“I’m beginning to think this Neil deGrasse Tyson fellow is a serial fabricator of quotes.” — President Thomas Jefferson, “Stuff Jefferson Said: The Prequel,” Originally self-published at Amazon.com in 1573
Neil deGrasse Tyson may be a fabulous scientist, and a consummate showman, but he’s downright terrible at accurately quoting people. Or, if you’re a “glass half full” kind of person, you might say that Neil deGrasse Tyson is pretty amazing at needlessly fabricating quotes and scenarios to showcase his own brilliance.
We’ve already established that a newspaper headline touted for years by Tyson likely doesn’t exist. We’ve also established that the exact quote he uses to bash members of Congress as being stupid also doesn’t exist. And then we established that the details within one of Tyson’s favorite anecdotes — a story of how he bravely confronted a judge about his mathematical illiteracy while serving on jury duty — seem to change every time Tyson tells the story.
In addition to those two highly questionable quotes and one highly questionable story, we now have another blatantly false quote peddled by Tyson. He has peddled this quote for years (including at a presentation on Sunday night at the Paramount Theatre in Seattle).
According to Tyson, in the days following the 9/11 terrorist attacks, Bush uttered the phrase, “Our God is the God who named the stars.” According to Tyson, the president made that claim as a way of segregating radical Islam from religions like Christianity or Judaism. Here’s Tyson:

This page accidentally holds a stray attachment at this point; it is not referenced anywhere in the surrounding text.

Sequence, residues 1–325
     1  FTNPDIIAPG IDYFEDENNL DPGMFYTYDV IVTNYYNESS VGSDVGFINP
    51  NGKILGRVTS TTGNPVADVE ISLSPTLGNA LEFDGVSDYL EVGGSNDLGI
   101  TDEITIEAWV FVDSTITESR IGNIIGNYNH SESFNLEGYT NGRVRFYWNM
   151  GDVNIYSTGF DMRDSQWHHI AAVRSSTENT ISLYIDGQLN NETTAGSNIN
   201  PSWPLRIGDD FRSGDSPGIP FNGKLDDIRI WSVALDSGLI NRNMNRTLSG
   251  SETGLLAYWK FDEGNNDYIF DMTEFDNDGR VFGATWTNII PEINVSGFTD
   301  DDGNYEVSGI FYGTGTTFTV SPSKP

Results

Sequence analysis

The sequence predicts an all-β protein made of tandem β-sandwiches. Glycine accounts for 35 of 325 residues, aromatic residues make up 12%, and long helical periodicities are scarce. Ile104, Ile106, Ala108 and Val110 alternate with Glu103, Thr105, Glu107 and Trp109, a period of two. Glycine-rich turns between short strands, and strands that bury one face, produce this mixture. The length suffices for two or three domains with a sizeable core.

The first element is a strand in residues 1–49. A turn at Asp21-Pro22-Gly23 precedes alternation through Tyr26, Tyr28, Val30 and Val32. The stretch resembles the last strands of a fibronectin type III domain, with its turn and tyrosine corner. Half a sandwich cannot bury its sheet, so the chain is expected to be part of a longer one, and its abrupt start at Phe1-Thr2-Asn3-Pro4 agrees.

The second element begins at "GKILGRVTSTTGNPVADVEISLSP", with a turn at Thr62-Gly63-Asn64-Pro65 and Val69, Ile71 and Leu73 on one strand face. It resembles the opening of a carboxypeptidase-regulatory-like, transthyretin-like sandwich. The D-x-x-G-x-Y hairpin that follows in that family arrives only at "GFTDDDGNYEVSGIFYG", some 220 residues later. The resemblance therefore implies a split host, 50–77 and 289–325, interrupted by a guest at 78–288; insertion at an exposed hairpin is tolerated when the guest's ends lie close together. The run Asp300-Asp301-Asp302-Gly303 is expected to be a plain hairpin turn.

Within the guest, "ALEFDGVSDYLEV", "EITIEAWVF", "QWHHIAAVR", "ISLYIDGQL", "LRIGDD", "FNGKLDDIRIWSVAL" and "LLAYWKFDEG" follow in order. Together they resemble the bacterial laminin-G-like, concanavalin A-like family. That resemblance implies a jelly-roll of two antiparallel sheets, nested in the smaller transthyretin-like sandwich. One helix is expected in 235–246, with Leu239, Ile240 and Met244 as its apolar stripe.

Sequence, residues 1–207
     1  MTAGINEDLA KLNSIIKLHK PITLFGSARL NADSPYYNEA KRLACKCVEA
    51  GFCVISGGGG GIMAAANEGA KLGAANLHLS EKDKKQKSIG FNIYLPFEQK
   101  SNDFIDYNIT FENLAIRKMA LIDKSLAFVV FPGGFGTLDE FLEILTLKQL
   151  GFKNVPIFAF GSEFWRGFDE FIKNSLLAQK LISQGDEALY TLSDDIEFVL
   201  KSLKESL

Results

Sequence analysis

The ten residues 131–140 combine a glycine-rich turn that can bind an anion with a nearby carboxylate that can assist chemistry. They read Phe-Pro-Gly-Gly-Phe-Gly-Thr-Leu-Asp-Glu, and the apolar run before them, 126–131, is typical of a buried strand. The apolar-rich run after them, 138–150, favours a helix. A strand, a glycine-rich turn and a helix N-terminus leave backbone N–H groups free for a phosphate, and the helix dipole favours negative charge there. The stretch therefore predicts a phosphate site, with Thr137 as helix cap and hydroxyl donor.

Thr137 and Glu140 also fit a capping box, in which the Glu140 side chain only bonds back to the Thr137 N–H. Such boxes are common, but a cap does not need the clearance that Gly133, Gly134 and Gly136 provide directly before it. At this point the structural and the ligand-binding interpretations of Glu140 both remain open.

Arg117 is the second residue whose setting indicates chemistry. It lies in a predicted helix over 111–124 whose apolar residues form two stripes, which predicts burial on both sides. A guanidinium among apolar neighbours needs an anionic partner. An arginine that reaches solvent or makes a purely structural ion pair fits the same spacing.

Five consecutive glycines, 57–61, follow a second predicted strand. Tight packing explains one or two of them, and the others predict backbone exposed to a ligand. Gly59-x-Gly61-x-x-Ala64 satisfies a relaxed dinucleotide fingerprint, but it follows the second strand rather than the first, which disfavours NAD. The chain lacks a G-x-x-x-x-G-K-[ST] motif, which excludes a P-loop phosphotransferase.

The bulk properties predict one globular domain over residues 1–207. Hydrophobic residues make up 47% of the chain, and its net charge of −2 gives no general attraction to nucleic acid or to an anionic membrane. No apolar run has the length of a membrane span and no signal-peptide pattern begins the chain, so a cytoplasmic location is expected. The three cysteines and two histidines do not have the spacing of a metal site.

TYSON: Here’s what happens. George Bush, within a week of [the 9/11 terrorist attacks] gave us a speech attempting to distinguish we from they. And who are they? These were sort of the Muslim fundamentalists. And he wants to distinguish we from they. And how does he do it?
He says, “Our God” — of course it’s actually the same God, but that’s a detail, let’s hold that minor fact aside for the moment. Allah of the Muslims is the same God as the God of the Old Testament. So, but let’s hold that aside. He says, “Our God is the God” — he’s loosely quoting Genesis, biblical Genesis — “Our God is the God who named the stars.”
Neil deGrasse Tyson’s story has three central claims: 1) Bush uttered that precise phrase, 2) in the days immediately after 9/11, 3) in order to distance American religion from that practiced by radical Muslims.
As you have probably already guessed, every single claim is false. Every one! Then there’s Tyson’s aside that Bush’s quote was a “loose quote” of the book of Genesis. Yep, that’s false, too. Add embarrassing biblical illiteracy to Tyson’s list of accomplishments on his CV.
First off, Bush never uttered the quote attributed to him by Tyson. He did, however, include a separate but similar phrase in a February 2003 speech immediately following the Columbia space shuttle disaster:
In the skies today we saw destruction and tragedy. Yet farther than we can see, there is comfort and hope. In the words of the prophet Isaiah, “Lift your eyes and look to the heavens. Who created all these? He who brings out the starry hosts one by one and calls them each by name. Because of His great power, and mighty strength, not one of them is missing.”
The same Creator who names the stars also knows the names of the seven souls we mourn today. The crew of the shuttle Columbia did not return safely to Earth; yet we can pray that all are safely home.
I don’t have a Ph.D. in physics, but I’m pretty sure February 2003 did not happen in the week after 9/11.
Tyson butchered the quote. He butchered the date. He butchered the context. He butchered the implication. And he butchered the biblical allusion, which was to the prophet Isaiah, not the book of Genesis (you can tell Bush was alluding to Isaiah because he explicitly said he was referencing Isaiah).